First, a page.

Women competing on the world stage in weightlifting is still relatively new. They were first allowed into International competitions at the 1987 IWF World Championships and not allowed into the Olympics until 2000 (yes, really, that recent).
It is crazy to think that women have only been competing in Olympic Weightlifting at the Olympics for a handful of Games, but it is true. Many doubted the level that women's performances could rise to and earlier competitors like Karyn Marshall helped break down some of those barriers. Marshall set over 60 American and World records in weightlifting and became the first woman in history to clean and jerk over 136kg (300 lbs) with a 137kg Clean and Jerk in 1985. She beat out a strong team from China to win the 82.5kg weight category at the IWF World Championship. (She had already topped the previous Guiness Sports Record held by Austrian strongwoman Katie Sandwina with a 131kg Clean and Jerk in 1984.)
Until more recent than we like to acknowledge, women in weightlifting were seen more as a "freak show" than as athletes. Previously mentioned Katie Sandwina was only allowed to pursue her career as a strongwoman by working with the Ringling Bros. and Barnum & Bailey Circus companies until she was almost 60 years old. (Her parents were both circus performers as well.) Sandwina used to lift her husband above her head as part of her act.
In the United States, we have a great handful of women who helped pave the way for our current team of women in weightlifting. We could talk about them all, but it is important to acknowledge those who were the first to represent the USA in the Olympic Games at the first games that allowed women to compete in weightlifting - Sydney 2000.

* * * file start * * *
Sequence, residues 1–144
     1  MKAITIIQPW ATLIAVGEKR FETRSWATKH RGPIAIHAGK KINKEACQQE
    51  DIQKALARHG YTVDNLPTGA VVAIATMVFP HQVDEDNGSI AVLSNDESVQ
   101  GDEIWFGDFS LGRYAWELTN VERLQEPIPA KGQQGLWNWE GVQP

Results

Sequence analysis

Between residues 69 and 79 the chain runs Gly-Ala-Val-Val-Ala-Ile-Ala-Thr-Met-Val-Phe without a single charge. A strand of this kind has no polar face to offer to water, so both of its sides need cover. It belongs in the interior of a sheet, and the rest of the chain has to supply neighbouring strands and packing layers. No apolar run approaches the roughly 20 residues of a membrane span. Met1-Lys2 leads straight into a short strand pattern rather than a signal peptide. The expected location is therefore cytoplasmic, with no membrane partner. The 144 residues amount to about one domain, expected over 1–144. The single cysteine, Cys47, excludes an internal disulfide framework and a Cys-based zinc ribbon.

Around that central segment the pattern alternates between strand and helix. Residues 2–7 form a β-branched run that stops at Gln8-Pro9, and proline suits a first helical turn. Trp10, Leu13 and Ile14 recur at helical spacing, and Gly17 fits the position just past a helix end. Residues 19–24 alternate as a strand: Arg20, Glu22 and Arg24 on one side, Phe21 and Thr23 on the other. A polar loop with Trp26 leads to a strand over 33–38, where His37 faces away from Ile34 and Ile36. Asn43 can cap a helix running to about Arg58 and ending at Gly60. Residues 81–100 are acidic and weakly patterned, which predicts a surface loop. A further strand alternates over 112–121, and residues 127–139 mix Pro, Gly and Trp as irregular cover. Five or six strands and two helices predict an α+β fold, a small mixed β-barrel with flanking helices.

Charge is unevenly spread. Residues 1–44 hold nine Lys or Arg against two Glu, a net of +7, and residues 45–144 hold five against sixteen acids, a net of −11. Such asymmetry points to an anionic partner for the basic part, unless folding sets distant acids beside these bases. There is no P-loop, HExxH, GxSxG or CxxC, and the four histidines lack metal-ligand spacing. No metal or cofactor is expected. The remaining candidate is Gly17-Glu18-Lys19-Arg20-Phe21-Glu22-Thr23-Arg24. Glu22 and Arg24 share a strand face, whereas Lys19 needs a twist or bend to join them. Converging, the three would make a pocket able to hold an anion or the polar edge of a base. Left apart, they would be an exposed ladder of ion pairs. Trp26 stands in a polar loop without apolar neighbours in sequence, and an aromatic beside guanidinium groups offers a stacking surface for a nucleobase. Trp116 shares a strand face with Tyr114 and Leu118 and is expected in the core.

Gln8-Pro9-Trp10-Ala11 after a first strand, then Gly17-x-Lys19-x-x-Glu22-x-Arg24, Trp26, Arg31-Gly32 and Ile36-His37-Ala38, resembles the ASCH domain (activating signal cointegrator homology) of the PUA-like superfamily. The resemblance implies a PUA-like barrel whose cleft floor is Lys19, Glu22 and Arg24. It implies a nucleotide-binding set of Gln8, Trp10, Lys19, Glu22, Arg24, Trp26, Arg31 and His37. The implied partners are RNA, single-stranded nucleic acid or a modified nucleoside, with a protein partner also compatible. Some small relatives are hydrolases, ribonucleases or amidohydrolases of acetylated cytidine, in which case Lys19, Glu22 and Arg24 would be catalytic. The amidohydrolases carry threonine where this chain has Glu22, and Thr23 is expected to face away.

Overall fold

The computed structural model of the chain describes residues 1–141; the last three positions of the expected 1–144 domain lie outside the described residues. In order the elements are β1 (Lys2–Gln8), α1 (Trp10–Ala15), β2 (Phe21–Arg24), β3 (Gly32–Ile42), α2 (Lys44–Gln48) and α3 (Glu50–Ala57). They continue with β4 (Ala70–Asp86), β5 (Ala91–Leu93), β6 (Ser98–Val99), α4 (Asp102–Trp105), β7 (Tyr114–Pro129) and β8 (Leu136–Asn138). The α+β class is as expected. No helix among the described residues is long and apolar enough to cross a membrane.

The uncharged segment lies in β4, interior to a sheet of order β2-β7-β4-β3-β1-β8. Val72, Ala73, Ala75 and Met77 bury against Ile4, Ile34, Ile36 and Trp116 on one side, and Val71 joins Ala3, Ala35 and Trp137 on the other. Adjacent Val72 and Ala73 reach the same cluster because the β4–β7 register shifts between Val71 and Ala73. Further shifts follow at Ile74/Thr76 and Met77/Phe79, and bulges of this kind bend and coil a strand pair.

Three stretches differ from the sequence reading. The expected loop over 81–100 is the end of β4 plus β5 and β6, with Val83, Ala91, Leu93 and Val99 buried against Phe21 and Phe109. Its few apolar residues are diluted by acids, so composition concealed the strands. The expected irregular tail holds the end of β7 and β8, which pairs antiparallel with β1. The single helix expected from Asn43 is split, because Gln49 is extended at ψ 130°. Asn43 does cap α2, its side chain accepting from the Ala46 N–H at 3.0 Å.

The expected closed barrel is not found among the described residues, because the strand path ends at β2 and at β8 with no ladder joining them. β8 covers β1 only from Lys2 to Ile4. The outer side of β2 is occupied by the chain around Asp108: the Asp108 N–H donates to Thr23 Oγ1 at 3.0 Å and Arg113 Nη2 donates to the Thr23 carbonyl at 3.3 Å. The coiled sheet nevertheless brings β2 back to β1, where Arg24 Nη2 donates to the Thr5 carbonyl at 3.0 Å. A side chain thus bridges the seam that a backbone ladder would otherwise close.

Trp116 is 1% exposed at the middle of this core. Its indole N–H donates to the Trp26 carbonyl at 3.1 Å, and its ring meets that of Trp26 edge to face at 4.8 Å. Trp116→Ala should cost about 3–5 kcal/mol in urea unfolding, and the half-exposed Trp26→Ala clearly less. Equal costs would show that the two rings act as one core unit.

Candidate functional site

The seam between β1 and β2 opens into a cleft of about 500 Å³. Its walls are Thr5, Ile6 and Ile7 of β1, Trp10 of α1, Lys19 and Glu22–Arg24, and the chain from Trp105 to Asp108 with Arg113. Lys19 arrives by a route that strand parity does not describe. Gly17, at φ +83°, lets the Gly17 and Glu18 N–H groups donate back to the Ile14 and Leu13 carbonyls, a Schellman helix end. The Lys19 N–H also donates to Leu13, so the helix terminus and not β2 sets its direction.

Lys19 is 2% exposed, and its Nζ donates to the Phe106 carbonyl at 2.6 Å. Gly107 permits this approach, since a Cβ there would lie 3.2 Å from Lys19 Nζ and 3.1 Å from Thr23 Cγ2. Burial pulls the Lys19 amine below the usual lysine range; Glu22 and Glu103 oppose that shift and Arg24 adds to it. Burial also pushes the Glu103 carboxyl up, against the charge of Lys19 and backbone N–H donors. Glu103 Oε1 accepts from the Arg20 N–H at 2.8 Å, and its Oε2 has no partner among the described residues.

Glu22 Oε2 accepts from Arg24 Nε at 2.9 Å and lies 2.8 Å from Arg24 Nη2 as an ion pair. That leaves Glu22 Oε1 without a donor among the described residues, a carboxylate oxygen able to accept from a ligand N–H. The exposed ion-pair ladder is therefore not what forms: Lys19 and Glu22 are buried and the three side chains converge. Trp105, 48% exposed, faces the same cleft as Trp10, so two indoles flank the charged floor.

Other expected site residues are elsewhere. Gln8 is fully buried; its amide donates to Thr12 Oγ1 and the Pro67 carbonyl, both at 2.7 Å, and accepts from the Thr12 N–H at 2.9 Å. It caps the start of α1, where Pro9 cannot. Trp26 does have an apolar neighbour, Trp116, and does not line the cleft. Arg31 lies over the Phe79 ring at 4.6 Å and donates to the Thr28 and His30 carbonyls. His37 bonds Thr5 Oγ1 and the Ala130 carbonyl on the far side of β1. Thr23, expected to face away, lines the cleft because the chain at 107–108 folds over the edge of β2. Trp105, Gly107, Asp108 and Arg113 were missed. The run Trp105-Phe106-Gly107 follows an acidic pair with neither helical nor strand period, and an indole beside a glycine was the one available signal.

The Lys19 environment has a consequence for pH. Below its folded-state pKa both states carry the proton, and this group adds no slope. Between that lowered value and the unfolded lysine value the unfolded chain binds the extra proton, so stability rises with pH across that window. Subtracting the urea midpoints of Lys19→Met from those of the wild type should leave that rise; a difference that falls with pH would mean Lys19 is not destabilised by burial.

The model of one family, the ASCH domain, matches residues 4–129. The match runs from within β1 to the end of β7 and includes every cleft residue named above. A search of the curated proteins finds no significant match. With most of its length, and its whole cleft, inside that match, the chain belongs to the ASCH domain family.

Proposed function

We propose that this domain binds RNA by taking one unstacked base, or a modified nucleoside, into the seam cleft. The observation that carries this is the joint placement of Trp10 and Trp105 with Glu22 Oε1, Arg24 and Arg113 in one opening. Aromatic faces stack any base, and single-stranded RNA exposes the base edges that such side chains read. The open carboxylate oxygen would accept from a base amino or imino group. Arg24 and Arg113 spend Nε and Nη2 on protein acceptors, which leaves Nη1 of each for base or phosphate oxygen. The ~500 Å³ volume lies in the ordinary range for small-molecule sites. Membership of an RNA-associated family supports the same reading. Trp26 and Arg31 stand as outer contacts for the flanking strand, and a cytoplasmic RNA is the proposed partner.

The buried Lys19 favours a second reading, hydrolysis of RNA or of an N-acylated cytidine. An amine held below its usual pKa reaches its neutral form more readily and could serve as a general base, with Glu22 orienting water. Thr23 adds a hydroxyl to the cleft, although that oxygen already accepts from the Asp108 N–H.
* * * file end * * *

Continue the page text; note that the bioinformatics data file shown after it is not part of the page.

Tara Nott Cunningham
Tara became the very first US woman to win Olympic gold and the first US weightlifter to win Olympic gold since 1960. She won the 48kg weight category at the 2000 Olympic Games in Sydney, coached by Mike Gattone and Bob Morris. Tara is the only athlete to have trained for three different sports at the USOTC (United States Olympic Training Center) with gymnastics, soccer, and weightlifting. She also competed at the 2004 Olympic Games in Athens as well as competed for the USA for multiple World Championships and Pan Am Games.
At the age of seventeen, Robin competed in the first Women's World Championshps in 1987 in Daytona Beach. She also competed at the 2000 Olympic Games in Sydney in the 48kg class, making her the only female Olympian that was also present at the first women's Worlds. She won gold at the 1994 IWF World Championships in Istanbul, gold at the1999 Pan American Games in Winnipeg, as well as a handful of silver and bronze medals at other World Championships (1988, 1991, 1992, 1993, 1998).
While still a teenager, Cheryl became a National Champion, World Medialist, and Olympic Medalist. She started training in weightlifting to assist with her softball career but soon found her place in weightlifting. Her talent has taken her to 3 Olympic Games - Sydney 2000 (bronze medal), Athens 2004 (6th), and Beijing 2008 (4th). Cheryl won multiple other medals from Junior World Championships to the Pan Am Games to the Goodwill Games.
Cara started her athletic career as a thrower, competing in discus and hammer for the University of California, Berkeley, on an athletic scholarship. She placed 3rd at the Pac-10 Track & Field Conference Championships. As an Olympic team member in the 2000 Olympic Games in Sydney, Cara became part of the first group of women to compete in weightlifting at the Games, but was the first African-American woman to represent the US in weightlifting. She has earned her spot on 6 Worlds teams, 2 Pan Am teams, and set numerous junior and senior American Records.